|Author||Fred Hoyle and Geoffrey Hoyle|
|Media type||Print (book)|
In the 1970 of this story, Eire has become an authoritarian police state, made somewhat acceptable to the population by the vast wealth flowing from a secret and forbidden science zone occupying a large area of the South-West. Here is based the mysterious 'Industrial Corporation of Éire' which has produced a range of new technologies. Its enigmatic founders are not Irish: they settled there and resist all attempts to find out who they are. A young British scientist agrees to be sent as a spy to find out just what is going on.
Although labelled as Science Fiction by the publisher, the bulk of the novel owes more to the thriller style of the John Buchan tradition, as the Cambridge hero battles across wild Irish landscapes fighting a series of murderous thugs and secret policemen.
The science fiction denouement is confined almost to the last chapter and foreshadows the theme of Hoyle's later A for Andromeda, though in a far more cursory manner. Also of note is the way the young hero seems to come to accept the notion of an authoritarian society ruled by a few self-appointed "supermen".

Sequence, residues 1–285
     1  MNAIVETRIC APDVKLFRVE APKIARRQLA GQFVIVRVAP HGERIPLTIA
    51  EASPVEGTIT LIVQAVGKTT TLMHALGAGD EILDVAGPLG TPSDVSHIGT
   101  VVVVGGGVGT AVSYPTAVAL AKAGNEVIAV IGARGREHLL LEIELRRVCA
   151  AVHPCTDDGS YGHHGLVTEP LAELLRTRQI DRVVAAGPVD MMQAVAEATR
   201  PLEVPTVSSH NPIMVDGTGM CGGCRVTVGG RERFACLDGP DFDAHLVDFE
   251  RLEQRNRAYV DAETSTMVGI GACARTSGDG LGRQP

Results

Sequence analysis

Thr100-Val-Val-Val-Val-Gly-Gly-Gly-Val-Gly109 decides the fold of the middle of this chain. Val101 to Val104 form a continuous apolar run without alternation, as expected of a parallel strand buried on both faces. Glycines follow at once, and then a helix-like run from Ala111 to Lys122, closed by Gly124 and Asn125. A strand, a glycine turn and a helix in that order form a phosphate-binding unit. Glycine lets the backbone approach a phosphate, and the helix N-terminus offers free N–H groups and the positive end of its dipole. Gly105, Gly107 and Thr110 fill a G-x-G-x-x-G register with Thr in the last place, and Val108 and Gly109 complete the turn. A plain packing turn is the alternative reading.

Galaxy reviewer Floyd C. Gale received the novel favorably, saying that Hoyle's craftsmanship has "improved tremendously since his first effort"; he described the novel as "a science-mystery-spy story that has no apparent forebear in the SF repertory."
- Ossian's Ride, NEL Four Square Science Fiction edition of 1969
- "Galaxy's 5 Star Shelf", Galaxy, February 1960, p.164.
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